Note: This blog initially appeared here on AndyDickinson.net.
Last Friday night, I found myself in a sun filled loft workshop in Leeds. All the people in the room seemed to be in one corner, but that’s where the (free) bar was. Tables are set out in rows. Solid wood and rubber topped refugees from the re-fit of Birmingham library. They are already filled with laptops.
This loft space belongs to the ODI’s node in Leeds. The laptops belong to data scientists but the people are a mix of the data savvy, local and national charities. All here for the first, it’s hoped of many, DataDives.
The event was organised by DataKindUK, a chapter of the US group, DataKind, who “create teams of pro bono data scientists” to work with organisations to solve problems. Local charities are invited to pitch requests for help. If selected they provide data which, in the run up to the event is cleaned up by data heroes, ready to be pitched at the start of the weekend. Local organisations also pitched in data. Leeds City Council and their DataMill, for example, had offered up data to use.
So, after beer and chat, the three charities pitched their problems.
The rest of the evening was a kind of slow-speed-date where the volunteers in the room pitched themselves and their skills and where wooed by the charities. Eventually splitting into teams to get to work on the Saturday and Sunday.
DataKind are an interesting organisation and new one on me. They are clearly very much at the altruistic end of the hackathon/datalab movement. Their founder is Jake Porway who used to work for the R&D lab at The New York Times (it seems you’re never far away from journalism!). He told Wired that he wanted more from the data boom that was happening around him: “the things that people would do with it seemed so frivolous — they would build apps to help them park their car or find a local bar. I just thought, ‘This is crazy, we need to do something more.'”
That more isn’t just the pro-bono aspect – free data scientists. The DataKind people in the room are also there to pass on skills to the organisations.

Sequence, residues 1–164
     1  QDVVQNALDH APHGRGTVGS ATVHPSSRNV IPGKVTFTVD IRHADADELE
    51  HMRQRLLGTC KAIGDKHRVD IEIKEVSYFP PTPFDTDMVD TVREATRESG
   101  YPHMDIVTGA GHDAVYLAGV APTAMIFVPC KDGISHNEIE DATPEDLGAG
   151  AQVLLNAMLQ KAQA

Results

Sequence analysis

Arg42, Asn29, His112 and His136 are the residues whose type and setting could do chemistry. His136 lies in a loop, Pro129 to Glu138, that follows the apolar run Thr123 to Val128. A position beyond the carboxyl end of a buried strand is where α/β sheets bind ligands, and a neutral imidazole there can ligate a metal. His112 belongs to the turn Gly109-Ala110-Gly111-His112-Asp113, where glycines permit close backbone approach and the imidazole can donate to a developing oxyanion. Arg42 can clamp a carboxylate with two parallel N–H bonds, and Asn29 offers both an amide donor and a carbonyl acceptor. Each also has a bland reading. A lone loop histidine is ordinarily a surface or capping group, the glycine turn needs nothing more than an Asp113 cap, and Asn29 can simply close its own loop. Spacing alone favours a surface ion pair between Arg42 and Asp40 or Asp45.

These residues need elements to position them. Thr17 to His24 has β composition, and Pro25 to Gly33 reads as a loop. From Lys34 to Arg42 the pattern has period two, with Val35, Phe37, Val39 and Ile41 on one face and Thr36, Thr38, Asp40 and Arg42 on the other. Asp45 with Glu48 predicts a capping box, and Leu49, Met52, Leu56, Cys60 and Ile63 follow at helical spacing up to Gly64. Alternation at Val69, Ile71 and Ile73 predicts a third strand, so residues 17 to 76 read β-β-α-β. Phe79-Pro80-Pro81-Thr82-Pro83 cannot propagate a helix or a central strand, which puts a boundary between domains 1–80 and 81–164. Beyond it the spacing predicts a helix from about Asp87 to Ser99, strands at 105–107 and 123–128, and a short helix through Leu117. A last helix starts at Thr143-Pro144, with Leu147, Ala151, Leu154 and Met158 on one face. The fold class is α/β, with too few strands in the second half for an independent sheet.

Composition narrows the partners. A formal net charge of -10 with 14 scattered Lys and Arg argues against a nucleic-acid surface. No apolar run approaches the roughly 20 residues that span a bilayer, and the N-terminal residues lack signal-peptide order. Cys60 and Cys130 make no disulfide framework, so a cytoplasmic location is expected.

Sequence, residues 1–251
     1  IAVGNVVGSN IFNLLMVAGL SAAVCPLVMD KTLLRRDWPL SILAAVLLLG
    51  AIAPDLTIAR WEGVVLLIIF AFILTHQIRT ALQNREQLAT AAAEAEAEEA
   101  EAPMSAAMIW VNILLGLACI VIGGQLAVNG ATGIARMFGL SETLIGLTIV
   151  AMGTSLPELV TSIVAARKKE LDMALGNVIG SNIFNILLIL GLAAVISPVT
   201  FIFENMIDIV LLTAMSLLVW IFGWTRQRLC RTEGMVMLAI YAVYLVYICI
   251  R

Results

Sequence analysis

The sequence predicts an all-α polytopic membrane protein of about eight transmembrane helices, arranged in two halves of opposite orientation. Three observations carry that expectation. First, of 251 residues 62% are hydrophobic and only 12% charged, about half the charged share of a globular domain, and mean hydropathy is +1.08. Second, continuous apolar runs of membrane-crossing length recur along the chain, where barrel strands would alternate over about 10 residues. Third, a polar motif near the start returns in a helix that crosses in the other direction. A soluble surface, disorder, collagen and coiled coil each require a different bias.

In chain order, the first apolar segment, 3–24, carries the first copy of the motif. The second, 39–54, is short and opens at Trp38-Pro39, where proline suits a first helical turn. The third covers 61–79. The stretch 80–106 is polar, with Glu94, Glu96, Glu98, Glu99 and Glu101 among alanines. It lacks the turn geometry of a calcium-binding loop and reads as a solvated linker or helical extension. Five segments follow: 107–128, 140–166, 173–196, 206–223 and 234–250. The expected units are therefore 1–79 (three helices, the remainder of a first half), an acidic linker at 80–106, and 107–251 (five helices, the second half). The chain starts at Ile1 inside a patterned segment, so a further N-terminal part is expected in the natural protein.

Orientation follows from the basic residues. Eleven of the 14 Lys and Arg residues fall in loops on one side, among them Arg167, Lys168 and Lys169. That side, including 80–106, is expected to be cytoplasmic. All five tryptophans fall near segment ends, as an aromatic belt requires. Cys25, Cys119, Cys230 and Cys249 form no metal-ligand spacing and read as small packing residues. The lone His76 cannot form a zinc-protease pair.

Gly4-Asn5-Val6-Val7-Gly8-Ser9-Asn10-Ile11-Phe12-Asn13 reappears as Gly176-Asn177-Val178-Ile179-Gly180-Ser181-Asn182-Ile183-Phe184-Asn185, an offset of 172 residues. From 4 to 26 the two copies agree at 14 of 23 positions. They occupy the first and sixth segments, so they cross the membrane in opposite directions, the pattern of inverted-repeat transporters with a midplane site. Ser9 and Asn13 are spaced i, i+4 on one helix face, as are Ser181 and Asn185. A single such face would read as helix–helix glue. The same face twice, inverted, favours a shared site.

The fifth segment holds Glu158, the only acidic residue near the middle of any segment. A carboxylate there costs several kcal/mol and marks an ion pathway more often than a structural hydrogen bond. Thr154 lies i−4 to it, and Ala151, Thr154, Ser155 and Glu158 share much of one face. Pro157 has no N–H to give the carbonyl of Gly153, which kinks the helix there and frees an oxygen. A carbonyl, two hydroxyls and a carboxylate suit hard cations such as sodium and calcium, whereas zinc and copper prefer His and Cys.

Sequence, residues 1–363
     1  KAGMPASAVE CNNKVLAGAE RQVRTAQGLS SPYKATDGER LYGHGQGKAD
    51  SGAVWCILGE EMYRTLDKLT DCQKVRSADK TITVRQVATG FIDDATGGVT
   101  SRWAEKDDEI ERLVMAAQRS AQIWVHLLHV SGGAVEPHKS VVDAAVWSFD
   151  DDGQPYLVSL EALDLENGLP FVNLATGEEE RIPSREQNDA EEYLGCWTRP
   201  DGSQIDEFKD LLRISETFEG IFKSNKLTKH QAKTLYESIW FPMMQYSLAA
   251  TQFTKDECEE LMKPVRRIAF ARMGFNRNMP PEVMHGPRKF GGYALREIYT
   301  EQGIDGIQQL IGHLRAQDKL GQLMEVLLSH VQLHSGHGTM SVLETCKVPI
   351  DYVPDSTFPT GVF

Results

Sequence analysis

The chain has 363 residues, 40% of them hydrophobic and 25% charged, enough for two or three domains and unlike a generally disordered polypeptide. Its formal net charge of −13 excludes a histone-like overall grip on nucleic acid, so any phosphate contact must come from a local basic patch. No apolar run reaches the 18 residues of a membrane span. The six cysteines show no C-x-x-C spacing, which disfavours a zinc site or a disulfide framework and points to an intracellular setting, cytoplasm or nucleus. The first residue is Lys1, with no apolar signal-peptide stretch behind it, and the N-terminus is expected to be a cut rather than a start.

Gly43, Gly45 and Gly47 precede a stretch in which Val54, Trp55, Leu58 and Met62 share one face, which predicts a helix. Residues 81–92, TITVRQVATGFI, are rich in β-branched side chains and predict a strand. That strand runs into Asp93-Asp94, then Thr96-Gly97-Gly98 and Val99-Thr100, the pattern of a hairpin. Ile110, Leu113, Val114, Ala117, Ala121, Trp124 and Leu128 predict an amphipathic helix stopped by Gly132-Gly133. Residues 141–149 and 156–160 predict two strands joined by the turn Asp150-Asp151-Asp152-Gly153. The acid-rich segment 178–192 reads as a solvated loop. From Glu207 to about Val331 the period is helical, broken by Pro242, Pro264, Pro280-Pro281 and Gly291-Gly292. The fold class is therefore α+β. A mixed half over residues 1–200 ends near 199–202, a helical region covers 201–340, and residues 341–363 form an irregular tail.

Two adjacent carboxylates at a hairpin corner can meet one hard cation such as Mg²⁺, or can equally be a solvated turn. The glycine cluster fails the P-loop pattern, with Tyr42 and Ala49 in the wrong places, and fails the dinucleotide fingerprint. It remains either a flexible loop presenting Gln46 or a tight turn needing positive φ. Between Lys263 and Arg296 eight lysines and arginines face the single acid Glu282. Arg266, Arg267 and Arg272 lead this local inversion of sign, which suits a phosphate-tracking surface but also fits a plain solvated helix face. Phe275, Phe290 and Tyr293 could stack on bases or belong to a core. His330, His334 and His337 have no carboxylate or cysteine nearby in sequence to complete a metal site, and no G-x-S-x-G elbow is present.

It was great to see the charities getting excited about the possibilities of everything from simple tools like Wordle to more complex text analysis software and maps.
Sunday afternoon and it was time to show and tell.
The end results where a real mix of the complex – synthetic personality types for identifying the financially excluded – to simple infographics. But there was real impact in the data on the people in the room perhaps best exemplified by the debate and discussion that was generated by an extra mapping project that sprang up during the weekend.
They simply took the datasets each group were finding/generating and mapped them. Technically, not that much of a challenge (except for a tricky issue with local government boundaries) but the insights where immediate.
When I spoke to representatives of the charities, there was a general feeling that data was important. They all recognise that the third-sector is fast becoming data-driven. But beyond the process of writing reports or bids, the real value of data was still to be explored and understood. It just feels important.
The complexities of the third-sector ecosystem don’t help when it comes to raising awareness of events like this though. Even when free help, and experience is on hand.
When I asked people about how they found themselves at the event, it revealed a complex web of umbrella groups, agencies and initiatives – understanding that would need a datadive in itself! The organisers where similarly challenged; pulling the event together had proved a slower and more complicated process compared to their London datadives.
After the ODI summit last year, I found myself reflecting on the difficult line there is between the power to do good and the power to do business that data provides and after the event I found myself chatting through similar issues with Paul Connell, one of the founders of the ODI Leeds node. He was pragmatic about the challenges; balancing the urge to do good with the urge to create the new Uber. A tension that often makes hack events tricky spaces. So, with my research hat on, its tempting to start try and unpick the motivations of activities like this beyond the desire to give those people involved “the warm fuzzies” as DataKind put it on their homepage.
But the vibe at the Leeds Datadive event really did make it feel impervious to scepticism. The results, rough round the edges as they were, felt ‘useful’.
As an example: One of the teams, analysing data around NEETS, looked at sanctions imposed on young jobseekers (the stop in benefits that’s imposed if you don’t tow the line with your employment service). Sanctions vary, but you can get 4 weeks ‘ban’ for missing an appointment. Mapping the data seemed to make a compelling point – the most sanctions were applied to people who live furthest away from the job centres. That peaked a fair bit of interest from journos in my feed (even on a Sunday morning).
Whether further analysis proves that or, more likely, reveals the finer detail, is moot. In a short space of time, simple but no less surprising truths about the experiences of people in Leeds were revealed.
DataKindUK hope this is going to be the first of many events outside of London and I’d make a point of tracking them down next time.